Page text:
LIBREAS: How do negotiations come about, who sets the dates?
BM: The office of Professor Hippler proposes dates, which are then coordinated in the negotiating group – we doodle, to put it briefly. We always try to gather as many academics as possible and at least one librarian. The result will then be coordinated with the publishers. It’s easy to imagine that finding a date is not easy, also because based in the Netherlands, Great Britain and even the USA are involved on the publishers’ side.
LIBREAS: How should one envision the atmosphere in the negotiating room?
BM: The sessions last between two and four hours and usually take place in the rooms of the German Rectors’ Conference in Bonn or Berlin. Professor Hippler, President of the German Rectors’ Conference HRK, is the main negotiator for the DEAL team. As already mentioned, the negotiation team consists of academics and librarians, the team is very well established. Sure, the mood is tense more often than it is resolved, most of the time words are not minced. But there has always been a handshake – even at the farewells.
LIBREAS: How common is the term "SciHub" during such a session?
BM: In the meantime, only rarely. The publishers know that ultimately we are interested in signing a deal – and not in choosing between a DEAL contract and Sci-Hub. Conversely, if it is claimed that a research institution could not do without the publisher’s journals, we point out that the experience of Elsevier dropouts teaches something different: various legal ways of alternative document delivery are used to ensure the literature supply at the individual institutions.
LIBREAS: You negotiate a DEAL with publishers that have a focus on the traditional publishing model. What does this actually have to do with Open Access?
BM: A lot, by now. Sure, the initial focus was negotiating subscription deals. But all parties realized very quickly that this could not be the end of the road. Apart from access to all of the publisher’s journals for all participating institutions, the negotiations also aim at unleashing articles by academics of the participating institutions. That is to ensure that if an academic from a participating institution is corresponding author, the article is published Open Access and under CC BY, an Open Access compliant license. In addition, the costs incurred should be fair and forward-thinking – and they should be based on the number of articles. In other words, for all subscription journals of the publishers concerned the DEAL project would put participating institutions almost in the same position as if it were open access journals: own articles are Gold OA and are published under CC BY. All other articles can be accessed, but not used under the terms of a Creative Commons license. No further costs are incurred for publishing Gold Open Access. The same goes for all gold open access journals – they would be included in the DEAL contract with the according publisher, authors would not have to pay additional article processing charges.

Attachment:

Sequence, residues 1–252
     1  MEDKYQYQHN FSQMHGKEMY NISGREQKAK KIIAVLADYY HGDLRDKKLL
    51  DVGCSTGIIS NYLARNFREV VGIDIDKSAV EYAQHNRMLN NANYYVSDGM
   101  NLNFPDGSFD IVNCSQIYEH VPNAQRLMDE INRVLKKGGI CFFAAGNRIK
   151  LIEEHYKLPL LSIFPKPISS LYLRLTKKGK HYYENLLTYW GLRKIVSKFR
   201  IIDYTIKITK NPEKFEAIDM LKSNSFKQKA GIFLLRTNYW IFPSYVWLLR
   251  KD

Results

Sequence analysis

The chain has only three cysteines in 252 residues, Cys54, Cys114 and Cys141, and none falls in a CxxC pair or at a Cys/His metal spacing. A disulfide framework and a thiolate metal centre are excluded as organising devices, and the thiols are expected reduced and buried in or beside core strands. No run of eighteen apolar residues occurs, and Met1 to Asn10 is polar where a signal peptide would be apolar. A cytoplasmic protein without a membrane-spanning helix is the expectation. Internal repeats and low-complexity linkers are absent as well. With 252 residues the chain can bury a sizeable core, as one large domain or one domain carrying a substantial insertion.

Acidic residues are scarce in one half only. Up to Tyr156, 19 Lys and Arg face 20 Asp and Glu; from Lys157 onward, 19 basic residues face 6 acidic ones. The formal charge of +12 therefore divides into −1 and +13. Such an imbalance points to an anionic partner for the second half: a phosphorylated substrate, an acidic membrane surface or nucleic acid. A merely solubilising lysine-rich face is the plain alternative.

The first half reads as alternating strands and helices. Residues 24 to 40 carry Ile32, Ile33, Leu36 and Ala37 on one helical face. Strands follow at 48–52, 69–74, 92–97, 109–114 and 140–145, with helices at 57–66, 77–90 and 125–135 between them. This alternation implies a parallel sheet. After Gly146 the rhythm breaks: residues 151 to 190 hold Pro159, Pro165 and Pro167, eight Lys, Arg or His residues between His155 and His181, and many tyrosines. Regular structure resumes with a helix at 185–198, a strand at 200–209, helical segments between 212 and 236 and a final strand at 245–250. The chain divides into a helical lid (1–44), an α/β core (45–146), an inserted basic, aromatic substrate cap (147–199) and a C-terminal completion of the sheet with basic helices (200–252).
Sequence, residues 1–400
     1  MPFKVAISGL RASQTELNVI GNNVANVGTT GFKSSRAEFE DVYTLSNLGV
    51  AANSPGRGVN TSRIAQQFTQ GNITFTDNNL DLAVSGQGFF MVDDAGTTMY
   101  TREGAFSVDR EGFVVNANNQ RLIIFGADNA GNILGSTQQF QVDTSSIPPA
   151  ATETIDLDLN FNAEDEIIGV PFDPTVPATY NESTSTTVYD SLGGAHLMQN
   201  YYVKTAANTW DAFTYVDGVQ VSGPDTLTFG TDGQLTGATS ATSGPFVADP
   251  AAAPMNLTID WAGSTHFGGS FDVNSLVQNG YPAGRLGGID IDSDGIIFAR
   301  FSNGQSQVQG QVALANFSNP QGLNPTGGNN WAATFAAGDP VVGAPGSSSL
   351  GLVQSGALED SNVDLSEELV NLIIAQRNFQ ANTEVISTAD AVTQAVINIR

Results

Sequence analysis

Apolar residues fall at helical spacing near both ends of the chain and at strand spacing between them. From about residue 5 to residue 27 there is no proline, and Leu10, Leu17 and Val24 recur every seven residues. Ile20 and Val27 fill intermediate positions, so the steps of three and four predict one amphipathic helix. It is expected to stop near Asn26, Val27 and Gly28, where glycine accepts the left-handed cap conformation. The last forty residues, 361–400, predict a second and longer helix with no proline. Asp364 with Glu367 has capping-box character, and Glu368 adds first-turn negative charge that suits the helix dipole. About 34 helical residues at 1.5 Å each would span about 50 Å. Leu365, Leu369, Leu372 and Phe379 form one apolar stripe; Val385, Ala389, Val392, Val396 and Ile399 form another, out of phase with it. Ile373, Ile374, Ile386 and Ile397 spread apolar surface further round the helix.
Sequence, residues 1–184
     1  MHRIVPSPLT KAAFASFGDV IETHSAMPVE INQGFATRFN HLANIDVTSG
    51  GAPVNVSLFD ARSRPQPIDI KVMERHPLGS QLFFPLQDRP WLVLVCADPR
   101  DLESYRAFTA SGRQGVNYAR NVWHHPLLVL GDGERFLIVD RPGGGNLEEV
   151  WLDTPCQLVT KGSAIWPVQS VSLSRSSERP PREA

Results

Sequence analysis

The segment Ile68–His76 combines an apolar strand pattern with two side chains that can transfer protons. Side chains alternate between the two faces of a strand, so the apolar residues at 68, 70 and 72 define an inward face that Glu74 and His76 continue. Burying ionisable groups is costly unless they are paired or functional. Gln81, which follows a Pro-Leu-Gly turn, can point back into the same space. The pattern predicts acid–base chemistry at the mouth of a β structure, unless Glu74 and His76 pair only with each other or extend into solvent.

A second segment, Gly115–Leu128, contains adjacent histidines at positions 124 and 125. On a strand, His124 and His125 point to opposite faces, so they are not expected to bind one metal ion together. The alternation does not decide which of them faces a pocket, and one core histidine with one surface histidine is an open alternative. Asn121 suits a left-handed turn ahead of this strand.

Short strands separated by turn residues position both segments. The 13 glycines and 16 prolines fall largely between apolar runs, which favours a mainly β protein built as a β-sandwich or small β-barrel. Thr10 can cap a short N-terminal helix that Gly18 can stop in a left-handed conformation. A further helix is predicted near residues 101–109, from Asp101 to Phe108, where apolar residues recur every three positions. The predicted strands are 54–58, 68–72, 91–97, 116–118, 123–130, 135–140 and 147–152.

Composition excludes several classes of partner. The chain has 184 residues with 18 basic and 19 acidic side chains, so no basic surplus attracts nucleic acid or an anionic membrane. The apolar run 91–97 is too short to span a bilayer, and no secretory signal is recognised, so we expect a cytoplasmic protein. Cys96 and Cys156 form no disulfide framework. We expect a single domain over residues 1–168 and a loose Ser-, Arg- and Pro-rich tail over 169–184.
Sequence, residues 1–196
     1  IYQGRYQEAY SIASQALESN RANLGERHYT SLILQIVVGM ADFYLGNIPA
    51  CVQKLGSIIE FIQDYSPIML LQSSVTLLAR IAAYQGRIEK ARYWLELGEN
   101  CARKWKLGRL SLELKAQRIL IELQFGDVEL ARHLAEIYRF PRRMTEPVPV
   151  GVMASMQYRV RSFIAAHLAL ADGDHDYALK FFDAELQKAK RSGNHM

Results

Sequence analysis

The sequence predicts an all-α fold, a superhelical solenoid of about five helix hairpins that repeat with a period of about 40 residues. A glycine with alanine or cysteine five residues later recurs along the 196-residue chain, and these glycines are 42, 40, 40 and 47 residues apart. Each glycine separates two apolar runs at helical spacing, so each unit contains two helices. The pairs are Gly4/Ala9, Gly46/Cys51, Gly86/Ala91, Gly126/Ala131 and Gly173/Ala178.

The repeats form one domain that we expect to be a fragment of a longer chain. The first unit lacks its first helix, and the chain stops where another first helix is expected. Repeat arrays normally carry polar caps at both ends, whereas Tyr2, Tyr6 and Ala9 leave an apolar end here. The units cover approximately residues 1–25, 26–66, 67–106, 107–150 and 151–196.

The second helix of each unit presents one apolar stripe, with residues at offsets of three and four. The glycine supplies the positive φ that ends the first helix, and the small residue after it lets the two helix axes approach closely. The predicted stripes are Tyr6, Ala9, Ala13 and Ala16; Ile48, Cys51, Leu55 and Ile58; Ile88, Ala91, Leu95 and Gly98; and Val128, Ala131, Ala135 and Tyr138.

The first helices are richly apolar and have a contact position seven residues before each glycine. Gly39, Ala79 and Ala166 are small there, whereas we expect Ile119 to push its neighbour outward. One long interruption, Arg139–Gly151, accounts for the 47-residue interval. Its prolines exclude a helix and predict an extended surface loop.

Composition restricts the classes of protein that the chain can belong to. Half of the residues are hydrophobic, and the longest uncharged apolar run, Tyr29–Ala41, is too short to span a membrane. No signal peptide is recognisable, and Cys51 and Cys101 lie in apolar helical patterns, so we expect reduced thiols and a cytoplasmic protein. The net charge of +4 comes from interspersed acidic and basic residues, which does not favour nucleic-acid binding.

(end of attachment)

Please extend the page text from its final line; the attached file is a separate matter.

LIBREAS: OA advocates criticize that DEAL leads to a further commercialization of the scholarly publication market and gives preference to the "big ones" – while grassroots initiatives and newly founded OA publishers, especially in the field of OA monographs, are under constant financial pressure. What do you think about this?
BM: DEAL wants to make a contribution to the Open Access transformation of scholarly publishing. It is true that the actual DEAL negotiations are limited to these three publishers. However, there are also discussions with other publishers in connection with the call for proposals "Open Access Transformation Contracts" by the German Research Foundation DFG. All publishers who are ready to embark on a journey to transformation are invited to participate. Apart from that, DEAL does not presume to intervene in the freedom of research and teaching guaranteed by the constitution. Also, we do not want to dictate scholars where to publish, but we want to make sure the publishing options that scholars can select freely from meet the needs of the scholarly system. In our view, this means that they should become open access if they are not already.
LIBREAS: When will we have reached a DEAL?
BM: Talks with Springer Nature and Wiley are well on their way. When it became apparent in September 2017 that the agreement could not be concluded by the end of the year, a transitional solution had to be found in order to avoid a contractless status from January 2018 on.8 Such a transitional solution was possible with both publishers and agreed upon via email, in telephone conferences and at the recent Frankfurt book fair. Due to the good atmosphere during these talks and the publishers’ willingness to sign up for the DEAL route, which has now become contractually evident, I am optimistic that a deal can be reached, probably in the first or second quarter of 2018.